32. A Computer-Assisted Framework of Cognacy: Basics simple tsv-table-format based on

    the CLTF-standard one row for each word form one column for each type of annotation cognate morphemes linked via cross-IDs additional file for specifying word relations 11 / 18
  33. Basic Examples ID DOCULECT CONCEPT FORM TOKENS CROSSIDS 1 Indo-European

    fish *pisḱos p i s c + o s 1 0 2 English fish fish f i ʃ 1 3 Latin fish piscis p i s k + i s 1 0 4 English fishing fishing f i ʃ + i ŋ 1 2 5 Latin to fish piscari p i s k + aː r iː 1 3 *pisḱos piscis fish fishing piscari Source Target Change 1 2 sound change 1 3 sound change 2 4 word formation 3 5 word formation 12 / 18
  34. Paradigmatic Processes: Root-IDs Linking cognate morphemes that differ by internal

    word formation ID DOCULECT CONCEPT FORM TOKENS CROSSIDS ROOTIDS 1 Indo-European to drink *dʰrénge- dʰ r é n g + e 1 0 1 0 2 Indo-European to make drink *dʰrongéie- dʰ r o n g + é i e 2 0 1 0 3 English to drink drink d r ɪ ŋ k 1 1 4 English to drench drench d r ɛ n tʃ 2 1 *dʰrénge- *dʰrongéie- drink drench Source Target Change 1 2 causative 1 3 sound change 2 4 sound change 13 / 18
  35. Visualization: Language Tree Reconciliation English to drink to drench German

    trinken tränken Indo-European dʰrég- 'moist' dʰrénge- 'to drink' dʰrongéie- 'to make drink' Lithuanian drė́gti 'to become moist' 14 / 18
  36. Visualization: Language Tree Reconciliation English to drink to drench German

    trinken tränken Indo-European dʰrég- 'moist' dʰrénge- 'to drink' dʰrongéie- 'to make drink' Lithuanian drė́gti 'to become moist' English to drink to drench German trinken tränken Indo-European dʰrég- 'moist' dʰrénge- 'to drink' Lithuanian drė́gti 'to become moist' Germanic drinkan 'to drink' drankjan 'to make drink' 14 / 18
  37. Visualization: Language Tree Reconciliation II English to drink to drench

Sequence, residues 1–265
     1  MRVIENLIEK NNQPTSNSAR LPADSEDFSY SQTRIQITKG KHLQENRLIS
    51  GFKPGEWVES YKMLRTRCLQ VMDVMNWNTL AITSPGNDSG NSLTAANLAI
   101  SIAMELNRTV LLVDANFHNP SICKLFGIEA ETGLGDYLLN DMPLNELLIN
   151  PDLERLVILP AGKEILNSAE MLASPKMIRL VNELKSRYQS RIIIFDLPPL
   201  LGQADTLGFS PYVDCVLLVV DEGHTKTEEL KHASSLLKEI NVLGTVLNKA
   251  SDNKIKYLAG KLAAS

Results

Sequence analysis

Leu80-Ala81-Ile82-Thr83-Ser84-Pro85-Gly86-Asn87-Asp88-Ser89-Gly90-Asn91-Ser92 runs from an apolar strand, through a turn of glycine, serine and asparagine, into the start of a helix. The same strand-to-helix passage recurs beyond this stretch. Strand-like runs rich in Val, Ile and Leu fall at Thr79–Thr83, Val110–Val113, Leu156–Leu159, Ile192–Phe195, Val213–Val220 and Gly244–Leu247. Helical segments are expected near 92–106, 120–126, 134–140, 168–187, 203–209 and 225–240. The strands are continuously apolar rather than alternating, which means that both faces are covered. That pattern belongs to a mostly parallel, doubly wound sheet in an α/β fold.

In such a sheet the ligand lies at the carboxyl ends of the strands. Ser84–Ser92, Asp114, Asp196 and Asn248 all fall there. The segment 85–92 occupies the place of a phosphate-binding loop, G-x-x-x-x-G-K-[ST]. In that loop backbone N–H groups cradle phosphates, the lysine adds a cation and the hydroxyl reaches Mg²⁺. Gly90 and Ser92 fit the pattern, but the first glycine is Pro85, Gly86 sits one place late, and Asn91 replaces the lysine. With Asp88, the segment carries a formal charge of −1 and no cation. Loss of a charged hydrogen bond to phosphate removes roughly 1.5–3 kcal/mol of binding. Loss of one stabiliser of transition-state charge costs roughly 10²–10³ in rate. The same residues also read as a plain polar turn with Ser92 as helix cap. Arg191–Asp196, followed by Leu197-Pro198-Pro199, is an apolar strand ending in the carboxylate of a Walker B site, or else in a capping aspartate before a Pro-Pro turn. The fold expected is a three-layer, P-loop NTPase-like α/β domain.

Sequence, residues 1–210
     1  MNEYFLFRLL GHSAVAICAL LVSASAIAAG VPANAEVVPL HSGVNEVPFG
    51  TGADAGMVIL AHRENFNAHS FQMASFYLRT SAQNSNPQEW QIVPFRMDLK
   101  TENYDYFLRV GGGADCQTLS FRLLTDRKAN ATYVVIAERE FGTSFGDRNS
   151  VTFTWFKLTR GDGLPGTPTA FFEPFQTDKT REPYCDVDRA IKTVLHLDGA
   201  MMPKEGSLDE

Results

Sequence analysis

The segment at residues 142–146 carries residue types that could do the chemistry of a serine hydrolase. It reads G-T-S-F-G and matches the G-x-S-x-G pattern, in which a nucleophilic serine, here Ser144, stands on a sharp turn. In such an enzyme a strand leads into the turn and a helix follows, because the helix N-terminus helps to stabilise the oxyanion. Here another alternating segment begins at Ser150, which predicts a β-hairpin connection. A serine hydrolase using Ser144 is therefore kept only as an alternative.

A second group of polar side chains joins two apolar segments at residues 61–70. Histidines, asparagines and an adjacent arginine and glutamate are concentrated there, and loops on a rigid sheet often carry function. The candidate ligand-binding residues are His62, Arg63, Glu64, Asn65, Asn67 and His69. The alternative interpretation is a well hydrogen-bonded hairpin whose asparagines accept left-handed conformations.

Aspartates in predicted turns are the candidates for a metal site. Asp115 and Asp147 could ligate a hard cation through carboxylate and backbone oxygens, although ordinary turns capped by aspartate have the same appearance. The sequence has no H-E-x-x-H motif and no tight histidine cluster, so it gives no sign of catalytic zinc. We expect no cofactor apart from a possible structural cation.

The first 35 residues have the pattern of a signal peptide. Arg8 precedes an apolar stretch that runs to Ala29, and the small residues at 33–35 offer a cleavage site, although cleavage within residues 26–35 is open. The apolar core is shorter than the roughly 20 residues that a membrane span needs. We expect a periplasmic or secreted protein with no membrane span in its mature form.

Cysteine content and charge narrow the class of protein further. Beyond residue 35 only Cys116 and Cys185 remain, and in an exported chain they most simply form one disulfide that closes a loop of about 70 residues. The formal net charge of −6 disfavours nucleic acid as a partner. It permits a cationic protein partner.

German trinken tränken Indo-European dʰrég- 'moist' dʰrénge- 'to drink' dʰrongéie- 'to make drink' Lithuanian drė́gti 'to become moist' Germanic drinkan 'to drink' drankjan 'to make drink' 15 / 18
  38. Visualization: Language Tree Reconciliation II English to drink to drench

    German trinken tränken Indo-European dʰrég- 'moist' dʰrénge- 'to drink' dʰrongéie- 'to make drink' Lithuanian drė́gti 'to become moist' Germanic drinkan 'to drink' drankjan 'to make drink' English German Indo-European Lithuanian Germanic 15 / 18
  39. Visualization: Language Tree Reconciliation III English to drink to drench

    German trinken tränken Indo-European dʰrég- 'moist' dʰrénge- 'to drink' dʰrongéie- 'to make drink' Lithuanian drė́gti 'to become moist' Germanic drinkan 'to drink' drankjan 'to make drink' 16 / 18
  40. Visualization: Language Tree Reconciliation III English to drink to drench

    German trinken tränken Indo-European dʰrég- 'moist' dʰrénge- 'to drink' dʰrongéie- 'to make drink' Lithuanian drė́gti 'to become moist' Germanic drinkan 'to drink' drankjan 'to make drink' "Balto-Germanic" dreg- 'to become moist' drenge- 'to drink' drangje- 'to make drink' German trinken tränken Indo-European dʰrég- 'moist' dʰrénge- 'to drink' dʰrongéie- 'to make drink' English to drink to drench Lithuanian drė́gti 'to become moist' 16 / 18
  41. Summary Our Goals: Represent as many kinds of relations between

    words as possible Transparency of data vs. interpretation Python library of standard procedures in annotation Fully annotated example wordlists to be used for research Automatic visualization tools for data exploration and analysis 17 / 18
  42. Thank you for your attention! CALC members : Dr. Johann-Mattis

    List (Group leader) Dr. Yunfan Lai (Post-Doc) Dr. Tiago Tresoldi (Post-Doc) Mei-Shin Wu (Doctoral student) Nathanael E. Schweikhard (Doctoral student) http://calc.digling.org/ 18 / 18